New Law Will Provide USPS Savings of $45 Billion Over 10 Years
Denver — Today, Colorado U.S. Senator Michael Bennet urged Postmaster General Louis DeJoy and Postal Regulatory Commission Chairman Michael Kubayanda to prioritize improvements to on-time delivery, service, and operations as they implement the Postal Service Reform Act (PSRA), which will save the U.S. Postal Service (USPS) $45 billion over ten years.
“As you plan for the cost savings and transparency measures from the Postal Service Reform Act, it is imperative that the U.S. Postal Service (USPS) seize this opportunity to improve on-time deliveries, service, and operations,” wrote Bennet in the letter.
In his letter to DeJoy and Kubayanda, Bennet requested action to address the concerns he’s heard from Coloradans, including reports of residents going days or even weeks without mail delivery.
“Americans rely on USPS to receive bills and vital federal benefits like Social Security,” Bennet continued. “It is therefore essential that USPS maintains its delivery standards and honors its commitment to serve every community.”
In the letter, Bennet also urged DeJoy and Kubayanda to reduce barriers to receiving mail for communities without home delivery and highlighted his work to secure free P.O. Boxes for residents of Buena Vista, Colorado beginning next year.
In April, President Joe Biden signed the PSRA into law to improve USPS’s financial stability, increase transparency and accountability, and codify a 6-day-a-week delivery standard. Following the House’s passage of this legislation in February, Bennet urged U.S. Senate Majority Leader Chuck Schumer (D-N.Y.) to bring the legislation to the Senate floor as soon as possible to address challenges facing USPS in Colorado.
The full text of the letter is available HERE and below.
Dear Postmaster General DeJoy and Chairman Kubayanda:
I write to you regarding ongoing delivery delays and service issues facing Post Offices throughout Colorado and the country. As you plan for the cost savings and transparency measures from the Postal Service Reform Act, it is imperative that the U.S. Postal Service (USPS) seize this opportunity to improve on-time deliveries, service, and operations.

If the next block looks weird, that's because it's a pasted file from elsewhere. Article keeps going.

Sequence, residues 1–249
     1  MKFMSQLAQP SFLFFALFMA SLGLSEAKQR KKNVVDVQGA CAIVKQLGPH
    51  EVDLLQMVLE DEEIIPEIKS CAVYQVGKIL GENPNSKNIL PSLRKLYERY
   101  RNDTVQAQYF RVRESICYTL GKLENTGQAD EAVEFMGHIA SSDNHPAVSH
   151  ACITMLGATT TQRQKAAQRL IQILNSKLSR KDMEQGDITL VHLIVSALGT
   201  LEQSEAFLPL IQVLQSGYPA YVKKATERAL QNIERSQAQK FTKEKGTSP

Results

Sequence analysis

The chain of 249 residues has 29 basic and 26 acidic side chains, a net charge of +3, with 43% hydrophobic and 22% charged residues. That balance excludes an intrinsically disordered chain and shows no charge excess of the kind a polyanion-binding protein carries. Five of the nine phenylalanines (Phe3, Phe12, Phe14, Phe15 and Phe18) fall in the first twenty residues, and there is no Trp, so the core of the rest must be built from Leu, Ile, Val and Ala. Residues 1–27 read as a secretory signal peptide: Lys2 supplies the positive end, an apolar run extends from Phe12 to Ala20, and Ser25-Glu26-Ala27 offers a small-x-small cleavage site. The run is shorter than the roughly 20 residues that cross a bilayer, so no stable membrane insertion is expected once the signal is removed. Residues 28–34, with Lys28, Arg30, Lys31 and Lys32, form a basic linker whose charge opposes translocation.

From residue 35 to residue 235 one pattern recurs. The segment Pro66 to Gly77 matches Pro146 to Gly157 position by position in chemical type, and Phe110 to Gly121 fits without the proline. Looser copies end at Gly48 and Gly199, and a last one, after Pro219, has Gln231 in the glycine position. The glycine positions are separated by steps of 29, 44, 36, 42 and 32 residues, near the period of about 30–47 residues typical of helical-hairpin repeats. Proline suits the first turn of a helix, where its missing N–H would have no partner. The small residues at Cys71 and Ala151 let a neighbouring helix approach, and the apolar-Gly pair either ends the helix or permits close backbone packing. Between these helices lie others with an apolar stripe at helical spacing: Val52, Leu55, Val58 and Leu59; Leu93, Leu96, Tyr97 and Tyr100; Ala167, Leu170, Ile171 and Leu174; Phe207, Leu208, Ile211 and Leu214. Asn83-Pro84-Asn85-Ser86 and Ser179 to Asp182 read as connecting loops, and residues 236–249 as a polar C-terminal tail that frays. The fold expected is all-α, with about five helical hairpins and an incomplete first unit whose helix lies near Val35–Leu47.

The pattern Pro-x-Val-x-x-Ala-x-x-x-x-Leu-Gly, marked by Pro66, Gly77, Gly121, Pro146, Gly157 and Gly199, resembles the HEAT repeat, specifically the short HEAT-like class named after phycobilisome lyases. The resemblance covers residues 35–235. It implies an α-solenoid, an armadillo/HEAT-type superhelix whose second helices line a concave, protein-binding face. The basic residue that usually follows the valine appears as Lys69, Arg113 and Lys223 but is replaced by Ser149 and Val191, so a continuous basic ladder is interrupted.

In April 2022, President Biden signed the bipartisan Postal Service Reform Act (PSRA) into law to improve USPS’ financial condition with savings of more than $45 billion over 10 years. The law also increases service transparency and requires USPS to permanently maintain its standard of delivering at least six days a week.
As USPS considers how best to use the savings from PSRA, I encourage you to prioritize the following deficiencies to improve service across Colorado and the country:
- Reduce mail delivery delays. Residents throughout Colorado have reported not receiving mail for multiple days. In some cases, standard and first-class letters arrive weeks after customers mail them. Americans rely on USPS to receive bills and vital federal benefits like Social Security. In Colorado, voters also rely on USPS to receive and return their mail-in ballots. It is therefore essential that USPS maintains its delivery standards and honors its commitment to serve every community. Beyond publicizing delivery data, as required by PSRA, meaningful infrastructure improvements at processing facilities and local Post Offices could also help reduce delays.
- Reduce barriers to receive mail for communities without home delivery. Many rural and small communities in Colorado do not receive home delivery. Instead, residents must commute to the Post Office and wait in often lengthy lines to pick up daily mail and packages. In many of these communities, post office boxes (P.O. boxes) are only available to purchase, even for full-time residents. That is why I worked over several months with the Town of Buena Vista and USPS’s Colorado/Wyoming District Office to secure free P.O. Boxes to Buena Vista residents beginning in 2023.
- Work to improve third party fulfillment. As you know, e-commerce platforms like Amazon and Wal-Mart allow consumers to purchase and ship large items directly to their home. Often, third party carriers that contract with USPS to ship these parcels through last-mile delivery contracts in rural areas. For USPS, these contracts are an increasingly important source of long-term revenue. However, the significant increase in parcel shipments from third party carriers has further strained USPS staff resources and increased stress on facilities, some of which are not sized to accommodate the increases. Investing in infrastructure modernization and service improvements could help address these challenges.
The Colorado/Wyoming District Office staff has demonstrated attention and care to addressing these and other concerns raised by local communities. As you continue to plan for the agency and the savings from the Postal Service Reform Act, I appreciate your continued partnership with my office to resolve these issues.